April 12, 2024 — A new approach to reconstruct the increase of oxygen in ancient marine environments using Uranium-lead (U-Pb) dating of dolomite rocks to detect signals of oxygenation has been developed by a team of researchers led by the Hebrew University of Jerusalem. The findings have implications in identifying how complex life forms can thrive in space with low oxygen levels.

The study was published in Nature Communications by Dr. Uri Ryb and Dr. Michal Ben-Israel from the Fredy & Nadine Herrmann Institute of Earth Sciences at the Hebrew University as well as a team of researchers from U.S. universities.

U–Pb dating is one of the oldest and most refined of the radiometric techniques which can be used to date rocks that formed and crystallized from approximately one million years to over 4.5 billion years ago.

Scientists typically estimate the oxygen levels in ancient oceans from the composition of ‘redox-sensitive’ (oxidizing capacity) elements preserved in ancient sedimentary rocks. However, these compositions can be easily altered in the course of geological history.

A dolomite sample from the Cambrian Muav formation | Credit: Uri Ryb

By uncovering discrepancies in dolomite rock samples’ U-Pb ratios, the team developed a reliable proxy for reconstructing the levels of oxygen within ancient marine habitats, in which the first animals emerged and evolved. Their findings reveal a significant rise in marine oxygenation during the Late Paleozoic era (400 million years ago), hundreds of millions of years after the emergence of animal life. This aligns with other evidence indicating the oxygenation of the ocean at the same time, supporting the hypothesis that animals that have evolved in oceans t were mostly oxygen-limited, and suggests that changes in ocean oxygen were driven by evolution.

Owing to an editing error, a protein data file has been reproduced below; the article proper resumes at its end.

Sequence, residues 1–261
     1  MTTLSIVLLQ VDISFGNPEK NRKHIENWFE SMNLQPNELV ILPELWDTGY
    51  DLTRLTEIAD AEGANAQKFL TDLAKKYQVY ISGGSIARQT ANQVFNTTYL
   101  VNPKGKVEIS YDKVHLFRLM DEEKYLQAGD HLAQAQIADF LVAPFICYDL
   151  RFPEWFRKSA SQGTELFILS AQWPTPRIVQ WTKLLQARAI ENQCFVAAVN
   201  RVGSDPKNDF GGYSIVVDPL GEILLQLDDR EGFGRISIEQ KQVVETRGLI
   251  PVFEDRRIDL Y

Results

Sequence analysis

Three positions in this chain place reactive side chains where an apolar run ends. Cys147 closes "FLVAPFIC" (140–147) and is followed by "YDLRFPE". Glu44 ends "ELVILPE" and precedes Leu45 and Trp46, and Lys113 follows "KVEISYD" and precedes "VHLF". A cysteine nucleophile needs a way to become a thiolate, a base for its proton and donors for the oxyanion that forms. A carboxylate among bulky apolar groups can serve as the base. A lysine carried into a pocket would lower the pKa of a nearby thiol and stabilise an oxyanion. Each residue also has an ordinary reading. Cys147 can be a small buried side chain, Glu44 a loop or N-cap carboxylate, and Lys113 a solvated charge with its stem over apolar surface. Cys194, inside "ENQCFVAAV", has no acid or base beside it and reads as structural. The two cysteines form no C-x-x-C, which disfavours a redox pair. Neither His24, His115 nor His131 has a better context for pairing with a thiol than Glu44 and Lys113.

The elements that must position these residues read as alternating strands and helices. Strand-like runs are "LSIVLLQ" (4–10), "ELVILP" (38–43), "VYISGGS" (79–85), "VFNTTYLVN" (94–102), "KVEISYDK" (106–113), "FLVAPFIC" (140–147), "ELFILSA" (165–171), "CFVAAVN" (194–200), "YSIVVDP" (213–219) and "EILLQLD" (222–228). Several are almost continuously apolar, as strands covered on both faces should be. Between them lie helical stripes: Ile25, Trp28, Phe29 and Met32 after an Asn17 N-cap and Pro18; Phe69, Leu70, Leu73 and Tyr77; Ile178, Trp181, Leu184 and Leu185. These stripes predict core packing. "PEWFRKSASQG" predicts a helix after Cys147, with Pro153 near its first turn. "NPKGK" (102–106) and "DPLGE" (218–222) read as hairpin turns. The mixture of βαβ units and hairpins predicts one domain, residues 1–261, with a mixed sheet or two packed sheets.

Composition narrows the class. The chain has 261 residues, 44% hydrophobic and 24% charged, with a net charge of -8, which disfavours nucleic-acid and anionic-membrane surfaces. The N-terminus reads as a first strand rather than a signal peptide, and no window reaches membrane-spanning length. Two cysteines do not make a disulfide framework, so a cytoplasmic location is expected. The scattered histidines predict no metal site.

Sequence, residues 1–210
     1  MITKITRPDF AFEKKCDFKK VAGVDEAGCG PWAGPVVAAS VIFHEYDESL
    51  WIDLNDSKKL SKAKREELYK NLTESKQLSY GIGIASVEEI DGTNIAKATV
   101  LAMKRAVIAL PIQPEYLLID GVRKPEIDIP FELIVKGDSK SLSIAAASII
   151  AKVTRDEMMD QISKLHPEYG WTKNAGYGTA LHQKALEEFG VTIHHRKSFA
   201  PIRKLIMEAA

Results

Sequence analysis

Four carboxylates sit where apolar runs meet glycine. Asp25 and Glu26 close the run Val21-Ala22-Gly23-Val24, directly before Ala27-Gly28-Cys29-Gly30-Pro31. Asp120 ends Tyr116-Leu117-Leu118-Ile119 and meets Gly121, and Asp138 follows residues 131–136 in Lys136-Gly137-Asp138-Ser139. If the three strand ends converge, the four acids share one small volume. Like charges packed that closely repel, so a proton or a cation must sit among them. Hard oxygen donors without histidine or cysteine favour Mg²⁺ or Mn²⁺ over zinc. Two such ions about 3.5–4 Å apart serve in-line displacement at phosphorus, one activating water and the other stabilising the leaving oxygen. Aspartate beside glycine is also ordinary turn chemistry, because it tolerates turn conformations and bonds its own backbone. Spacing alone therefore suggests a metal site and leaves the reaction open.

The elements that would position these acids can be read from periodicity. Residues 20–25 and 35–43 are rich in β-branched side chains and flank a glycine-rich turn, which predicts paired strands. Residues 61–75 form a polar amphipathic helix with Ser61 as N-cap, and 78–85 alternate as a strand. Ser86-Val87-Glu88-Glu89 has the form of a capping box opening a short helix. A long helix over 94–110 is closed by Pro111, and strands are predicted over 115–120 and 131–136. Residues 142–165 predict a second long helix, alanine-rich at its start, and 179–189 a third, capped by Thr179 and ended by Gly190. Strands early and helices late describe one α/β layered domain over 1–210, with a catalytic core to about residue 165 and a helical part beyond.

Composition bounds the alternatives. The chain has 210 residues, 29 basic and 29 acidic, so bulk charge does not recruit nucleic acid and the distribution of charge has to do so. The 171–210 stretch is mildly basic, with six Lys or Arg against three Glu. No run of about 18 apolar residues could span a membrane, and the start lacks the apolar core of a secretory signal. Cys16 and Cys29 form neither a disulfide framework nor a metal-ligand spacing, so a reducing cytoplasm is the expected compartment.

According to Dr. Ryb, “These discoveries not only enhance our understanding of ancient Earth ecosystems but also have implications for the search for extraterrestrial life. Revealing the dynamics between evolution and oxygen levels in early Earth environments can put observations on the atmospheric composition of exoplanets that now become available through the new generation of space telescopes in context. Specifically, it suggests that low levels of oxygen are sufficient for complex life-forms to thrive.”

The research paper titled “Late Paleozoic oxygenation of marine environments supported by dolomite U-Pb dating” is now available here.

Michal Ben-Israel1,2, Robert M. Holder3, Lyle L. Nelson4,5, Emily F. Smith6, Andrew R. C. Kylander-Clark7 & Uri Ryb1


1) The Fredy & Nadine Herrmann Institute of Earth Sciences, The Hebrew University of Jerusalem, Jerusalem, Israel
2) Department of Life and Environmental Sciences, University of California, Merced, CA, USA
3) Department of Earth and Environmental Sciences, University of Michigan, Ann Arbor, MI, USA
4) Department of Earth Sciences, Carleton University, Ottawa, Ontario, ON, Canada
5) Department of Earth, Atmospheric, and Planetary Sciences, Massachusetts Institute of Technology, Cambridge, Massachusetts, MA, USA
6) Department of Earth and Planetary Sciences, Johns Hopkins University, Baltimore, MD, USA
7) Department of Earth Science, University of California, Santa Barbara, California, CA, USA